Should you set goals in 2021? Rochelle says no, at least not the way you have in the past.
Well, January 2021 is unfortunately (or fortunately?) already quite the rebel. Instead of the cliche, "New Year, New Me!" bullsh*t, we're being not-so-subtly reminded that life is complicated. Way more complicated than setting a goal, picking a pretty word, and making another vision board to forget about, a month from now.
geez Rochelle, bitter much?
I'm a little salty after doing everything within my control to get myself set up successfully this year, and then WHAM! Ridiculous domestic terrorism attack on the Capitol and my depression was like, "NOPE. Under your weighted blanket and to sleep you go, Rochelle."
However you're feeling today, your feelings are valid. And that applies whether you're reading this in 2021 or sometime in the future while internally battling the idealism of changing yourself for the sake of the first page of your wall calendar.
My goal for this blog post is to give goal-dependent overachievers like you something to focus on without burning yourself out in the process.
It's important to stay aware of your own bandwidth and not burn yourself out. You're going to do a lot of good work in your lifetime and it won't all take place in 2021.
While we can't be sure about anything right now, there are some best practices I'd like to recommend if you're the goal setting type at this time of year.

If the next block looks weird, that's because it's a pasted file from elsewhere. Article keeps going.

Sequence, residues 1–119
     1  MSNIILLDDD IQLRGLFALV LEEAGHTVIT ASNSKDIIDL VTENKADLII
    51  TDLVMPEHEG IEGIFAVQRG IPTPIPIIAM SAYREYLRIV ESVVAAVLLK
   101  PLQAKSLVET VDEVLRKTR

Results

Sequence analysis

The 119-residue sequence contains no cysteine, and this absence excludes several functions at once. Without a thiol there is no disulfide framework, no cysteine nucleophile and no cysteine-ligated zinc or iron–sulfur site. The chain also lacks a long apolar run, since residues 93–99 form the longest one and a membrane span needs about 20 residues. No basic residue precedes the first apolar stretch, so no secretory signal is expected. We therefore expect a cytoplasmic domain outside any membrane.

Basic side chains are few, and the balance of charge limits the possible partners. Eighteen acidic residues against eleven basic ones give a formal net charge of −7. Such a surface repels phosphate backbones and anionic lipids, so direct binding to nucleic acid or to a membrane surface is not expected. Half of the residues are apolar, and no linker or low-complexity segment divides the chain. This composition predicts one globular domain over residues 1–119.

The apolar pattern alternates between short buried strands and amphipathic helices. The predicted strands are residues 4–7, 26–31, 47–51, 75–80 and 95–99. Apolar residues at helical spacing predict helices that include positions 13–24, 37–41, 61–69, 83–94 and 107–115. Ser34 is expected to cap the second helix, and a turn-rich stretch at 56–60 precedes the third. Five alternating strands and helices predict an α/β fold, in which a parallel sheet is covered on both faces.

Keeping in mind that you may not have the mental or physical bandwidth right now, here's my advice on setting goals so you can achieve them.
How to Set Goals That Match Your Bandwidth Right Now (so you can actually achieve them!)
Get some rest, first. Take more naps.
I know, worst advice ever, right?
As an overachiever myself, some days being told to take a nap is the WORST. Sometimes we don't want to check out and turn off our brains. Sometimes we want to GET IN THERE! Make some noise! Show 'em how it's done! Speak our truth! Fight!
And yet, you still have to rest. That doesn't mean "instead of" all of the above. We're just rearranging the order a bit -- rest first, drink some water, take a break, then preach and battle.
Decide to prioritize your sleep. Start tracking your hours. Many fitness apps have sleep monitoring built right in, and most smart phones now include a "digital wellness" function to force you to shut down your electronics when you told your doctor you would.